Often at USAID we support the ABC approach- abstain, be faithful, and correct and consistent condom use. While these methods can be effective in preventing HIV transmission, often it can be difficult for women to negotiate prevention interventions. With women representing nearly 60 percent of those living with HIV in sub-Saharan Africa, it is imperative to find a method of prevention that can be initiated by women.

Women participating in the CAPRISA 004 trial in the CAPRISA Vulindlela Clinic in KwaZulu-Natal Midlands, South Africa

Women participating in the CAPRISA 004 trial in the CAPRISA Vulindlela Clinic in KwaZulu-Natal Midlands, South Africa

For almost 25 years, USAID has been on the frontlines of the HIV/AIDS epidemic. Our development programs have been cutting-edge, and have long put women at the center of programming. Gender, prevention of mother-to-child transmission, male circumcision, counseling and testing, nutrition, and HIV vaccine research are just some of the comprehensive array of HIV/AIDS prevention, care, and treatment programs administered through USAID.

Progressive programs continue today with the USAID-funded clinical trial, CAPRISA 004. The trial, which took place in South Africa, provided the first evidence that use of a vaginal gel, or microbicide, containing an antiretroviral drug (ARV) known as tenofovir can prevent HIV infection in women.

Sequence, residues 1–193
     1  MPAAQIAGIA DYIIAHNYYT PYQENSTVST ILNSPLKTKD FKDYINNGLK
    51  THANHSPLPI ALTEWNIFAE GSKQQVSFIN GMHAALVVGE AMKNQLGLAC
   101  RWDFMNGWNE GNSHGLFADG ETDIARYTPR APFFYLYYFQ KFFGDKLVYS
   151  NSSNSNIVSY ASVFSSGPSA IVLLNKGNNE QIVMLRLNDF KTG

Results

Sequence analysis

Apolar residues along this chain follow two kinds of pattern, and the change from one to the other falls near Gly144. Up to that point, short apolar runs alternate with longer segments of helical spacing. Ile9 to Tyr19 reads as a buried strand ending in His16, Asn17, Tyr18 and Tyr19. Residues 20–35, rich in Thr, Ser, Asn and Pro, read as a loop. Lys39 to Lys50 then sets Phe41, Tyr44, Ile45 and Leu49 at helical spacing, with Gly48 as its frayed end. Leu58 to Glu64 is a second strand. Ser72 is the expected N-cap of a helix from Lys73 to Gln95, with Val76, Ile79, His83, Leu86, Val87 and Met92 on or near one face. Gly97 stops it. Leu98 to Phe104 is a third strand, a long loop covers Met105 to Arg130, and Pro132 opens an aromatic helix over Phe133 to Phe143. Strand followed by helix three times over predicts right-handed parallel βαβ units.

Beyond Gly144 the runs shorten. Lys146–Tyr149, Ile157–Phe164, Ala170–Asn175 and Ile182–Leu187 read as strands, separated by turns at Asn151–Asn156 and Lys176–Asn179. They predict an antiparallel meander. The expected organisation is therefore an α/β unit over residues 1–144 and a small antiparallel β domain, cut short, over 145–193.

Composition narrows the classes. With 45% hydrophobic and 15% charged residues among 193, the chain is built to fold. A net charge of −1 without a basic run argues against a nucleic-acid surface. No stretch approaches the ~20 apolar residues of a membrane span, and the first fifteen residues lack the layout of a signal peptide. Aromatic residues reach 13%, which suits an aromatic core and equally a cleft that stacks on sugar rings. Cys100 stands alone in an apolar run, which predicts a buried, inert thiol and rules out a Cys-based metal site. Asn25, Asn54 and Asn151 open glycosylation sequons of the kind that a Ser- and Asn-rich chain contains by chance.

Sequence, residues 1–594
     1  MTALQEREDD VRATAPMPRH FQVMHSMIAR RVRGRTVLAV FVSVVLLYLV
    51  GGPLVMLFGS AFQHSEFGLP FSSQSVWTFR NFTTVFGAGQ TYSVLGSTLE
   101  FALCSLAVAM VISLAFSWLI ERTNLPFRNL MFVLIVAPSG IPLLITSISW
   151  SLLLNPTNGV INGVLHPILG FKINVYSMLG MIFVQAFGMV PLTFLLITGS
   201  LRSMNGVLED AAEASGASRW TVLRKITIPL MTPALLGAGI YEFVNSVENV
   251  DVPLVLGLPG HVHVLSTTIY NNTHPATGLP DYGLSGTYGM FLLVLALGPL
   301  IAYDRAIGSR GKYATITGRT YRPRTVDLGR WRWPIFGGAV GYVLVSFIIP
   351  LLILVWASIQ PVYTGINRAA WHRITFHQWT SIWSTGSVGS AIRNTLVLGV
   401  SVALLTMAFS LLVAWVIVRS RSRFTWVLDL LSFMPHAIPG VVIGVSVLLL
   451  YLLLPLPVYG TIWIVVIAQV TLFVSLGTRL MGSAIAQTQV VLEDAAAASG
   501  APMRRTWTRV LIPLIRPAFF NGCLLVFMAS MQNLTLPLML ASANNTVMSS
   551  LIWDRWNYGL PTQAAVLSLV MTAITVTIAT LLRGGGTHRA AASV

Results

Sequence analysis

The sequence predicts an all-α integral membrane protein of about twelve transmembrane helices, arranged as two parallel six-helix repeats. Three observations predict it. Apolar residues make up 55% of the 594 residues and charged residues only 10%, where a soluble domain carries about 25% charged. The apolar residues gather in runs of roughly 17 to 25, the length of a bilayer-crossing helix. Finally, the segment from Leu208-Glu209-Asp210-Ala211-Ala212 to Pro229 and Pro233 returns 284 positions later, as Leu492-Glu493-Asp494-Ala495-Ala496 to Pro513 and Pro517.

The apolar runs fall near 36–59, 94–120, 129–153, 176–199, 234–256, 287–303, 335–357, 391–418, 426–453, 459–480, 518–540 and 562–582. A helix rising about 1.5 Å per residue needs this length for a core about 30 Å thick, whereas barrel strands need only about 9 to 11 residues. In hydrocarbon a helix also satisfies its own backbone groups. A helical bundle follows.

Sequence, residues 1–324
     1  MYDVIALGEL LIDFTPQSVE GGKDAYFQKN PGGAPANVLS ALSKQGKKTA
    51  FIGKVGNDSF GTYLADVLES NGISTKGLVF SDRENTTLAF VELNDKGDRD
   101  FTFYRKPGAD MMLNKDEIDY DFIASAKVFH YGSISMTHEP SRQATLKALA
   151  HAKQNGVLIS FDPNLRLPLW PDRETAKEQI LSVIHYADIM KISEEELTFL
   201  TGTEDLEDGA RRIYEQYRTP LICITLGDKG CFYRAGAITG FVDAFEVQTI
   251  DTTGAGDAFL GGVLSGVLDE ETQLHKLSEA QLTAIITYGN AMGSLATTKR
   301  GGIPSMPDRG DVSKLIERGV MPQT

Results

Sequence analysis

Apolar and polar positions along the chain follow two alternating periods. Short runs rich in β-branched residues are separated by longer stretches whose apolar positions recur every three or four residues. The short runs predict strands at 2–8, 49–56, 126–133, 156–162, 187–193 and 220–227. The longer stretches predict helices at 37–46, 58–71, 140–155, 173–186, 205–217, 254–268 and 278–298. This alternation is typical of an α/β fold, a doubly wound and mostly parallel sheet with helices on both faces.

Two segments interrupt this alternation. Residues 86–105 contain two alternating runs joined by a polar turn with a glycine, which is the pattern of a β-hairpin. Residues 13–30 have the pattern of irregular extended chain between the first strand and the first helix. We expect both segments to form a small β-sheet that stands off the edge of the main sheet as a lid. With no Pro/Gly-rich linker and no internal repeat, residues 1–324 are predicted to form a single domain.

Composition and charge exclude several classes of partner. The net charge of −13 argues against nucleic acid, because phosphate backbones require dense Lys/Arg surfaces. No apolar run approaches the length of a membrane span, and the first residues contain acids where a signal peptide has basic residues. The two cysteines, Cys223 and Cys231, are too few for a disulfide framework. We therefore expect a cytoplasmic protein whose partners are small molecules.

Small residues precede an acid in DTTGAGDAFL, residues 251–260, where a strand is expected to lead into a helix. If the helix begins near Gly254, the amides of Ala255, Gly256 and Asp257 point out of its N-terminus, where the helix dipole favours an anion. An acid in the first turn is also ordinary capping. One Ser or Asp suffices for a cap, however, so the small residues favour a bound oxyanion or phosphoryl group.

Tenofovir gel is a clear, colorless, and odorless viscous gel in single-dose plastic applicators

Tenofovir gel is a clear, colorless, and odorless viscous gel in single-dose plastic applicators

In the trial, tenofovir gel administered topically before and after sexual activity provided moderate protection in women at high risk of HIV infection. At the end of the study, researchers found that the use of 1% tenofovir gel by 889 women at high risk of HIV infection in Durban, South Africa proved the method to be 39 percent effective in reducing a woman’s risk of becoming HIV infected. The gel could be a unique HIV prevention tool for women who are not able to negotiate HIV prevention methods.

The successes of CAPRISA 004 ties in with the core principles of the U.S. Government’s Global Health Initiative (GHI). USAID is committed to a women- and girl- centered approach, creating a strong partnership with countries to sustain country ownership, and focusing on learning and accountability.

Once the results are confirmed through ongoing and future studies, USAID will work at every level to ensure women are able to access this unique form of prevention. This means Carol, and other women in developing nations, will have a form of protection against HIV that they can control and initiate. This new discovery puts the power of protection against HIV transmission in the hands of the woman and can ultimately save lives.